“We know that more active environments provide students with more opportunities to engage with the materials, each other and the course instructor,” said biomedical engineering professor Devin Hubbard, who teaches in one of the updated classrooms.
The updated classrooms are being called flexible classrooms or active learning classrooms.
Some rooms have already been updated, including Alumni Hall 203, Carolina Hall 213 and Peabody Hall 220 and 306.
One of the most striking aspects of the flexible classrooms is mobile furniture. Desks are attached to rolling chairs that allow professors and students to arrange themselves in unique setups.
“The flexible classrooms make the class easy to configure and truly allow me to create an environment that caters to the students and my teaching style,” Hubbard said. “Generally, the courses in the flexible space seem to result in more engagement and a more exciting classroom vibe.”
Henshaw said the University experimented with many flexible classroom designs before settling on a final plan, getting feedback from students along the way. The original idea to change to active classrooms came from faculty requests for more flexible learning spaces.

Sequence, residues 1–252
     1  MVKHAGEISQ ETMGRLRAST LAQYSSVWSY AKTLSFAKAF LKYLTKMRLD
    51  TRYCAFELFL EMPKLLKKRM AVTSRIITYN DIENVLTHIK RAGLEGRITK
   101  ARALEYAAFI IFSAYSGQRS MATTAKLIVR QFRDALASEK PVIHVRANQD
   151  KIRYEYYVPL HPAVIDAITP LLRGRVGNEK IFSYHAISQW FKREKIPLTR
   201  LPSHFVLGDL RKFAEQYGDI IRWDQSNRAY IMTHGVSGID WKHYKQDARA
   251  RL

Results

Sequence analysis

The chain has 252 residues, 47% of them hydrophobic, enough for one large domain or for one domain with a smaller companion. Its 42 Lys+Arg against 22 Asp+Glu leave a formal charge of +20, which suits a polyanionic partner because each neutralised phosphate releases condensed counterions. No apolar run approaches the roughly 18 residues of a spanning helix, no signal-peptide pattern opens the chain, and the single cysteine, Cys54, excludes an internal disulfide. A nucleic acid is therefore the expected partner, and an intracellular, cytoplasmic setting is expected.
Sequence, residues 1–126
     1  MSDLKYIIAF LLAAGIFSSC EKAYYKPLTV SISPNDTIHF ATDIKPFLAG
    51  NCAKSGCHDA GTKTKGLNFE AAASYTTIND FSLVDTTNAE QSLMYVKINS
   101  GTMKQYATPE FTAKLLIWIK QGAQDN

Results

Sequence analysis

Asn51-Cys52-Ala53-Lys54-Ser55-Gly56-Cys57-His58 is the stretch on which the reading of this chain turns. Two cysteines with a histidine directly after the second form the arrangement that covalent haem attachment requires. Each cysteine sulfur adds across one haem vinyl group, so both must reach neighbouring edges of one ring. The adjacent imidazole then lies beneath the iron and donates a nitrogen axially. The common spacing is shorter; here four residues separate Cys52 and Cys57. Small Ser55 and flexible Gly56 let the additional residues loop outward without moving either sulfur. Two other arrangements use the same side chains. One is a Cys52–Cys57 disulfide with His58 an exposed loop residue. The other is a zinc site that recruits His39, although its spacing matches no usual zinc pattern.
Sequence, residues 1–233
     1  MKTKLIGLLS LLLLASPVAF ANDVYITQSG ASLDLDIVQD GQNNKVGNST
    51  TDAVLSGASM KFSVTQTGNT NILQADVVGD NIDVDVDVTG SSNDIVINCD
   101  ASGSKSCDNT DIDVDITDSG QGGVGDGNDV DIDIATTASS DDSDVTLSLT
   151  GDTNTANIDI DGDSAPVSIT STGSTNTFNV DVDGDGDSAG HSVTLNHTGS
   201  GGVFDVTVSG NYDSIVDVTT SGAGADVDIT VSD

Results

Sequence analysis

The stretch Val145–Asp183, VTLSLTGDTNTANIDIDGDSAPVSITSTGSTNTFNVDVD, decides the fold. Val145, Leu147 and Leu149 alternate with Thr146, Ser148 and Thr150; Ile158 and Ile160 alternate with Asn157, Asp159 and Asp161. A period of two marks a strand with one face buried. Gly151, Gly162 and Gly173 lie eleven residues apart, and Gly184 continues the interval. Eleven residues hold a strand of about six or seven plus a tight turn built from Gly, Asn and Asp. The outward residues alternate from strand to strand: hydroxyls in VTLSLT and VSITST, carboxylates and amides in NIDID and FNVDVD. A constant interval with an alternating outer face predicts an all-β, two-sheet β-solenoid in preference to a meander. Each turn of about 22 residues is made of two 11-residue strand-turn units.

“I teach several courses, one is large format, the other is a team-based design course. In each, there has consistently been more productive discussion, interaction with the course instructor and perhaps most importantly, students demonstrate better understanding and generate better questions,” Hubbard said.
Most of the smaller classrooms that will be updated will be changed over the summer. There are also plans to update three large lecture halls. The specific updates to those large lecture halls have not been planned yet, and the updates will take several years to complete.
The initiative will cost almost $6 million and the Campaign for Carolina is participating in fundraising efforts.
“Paying tuition for this school, I feel like the people who go here should be entitled to nice school equipment, desks, classrooms and things — just to help them by providing them with the best resources possible,” Wall said.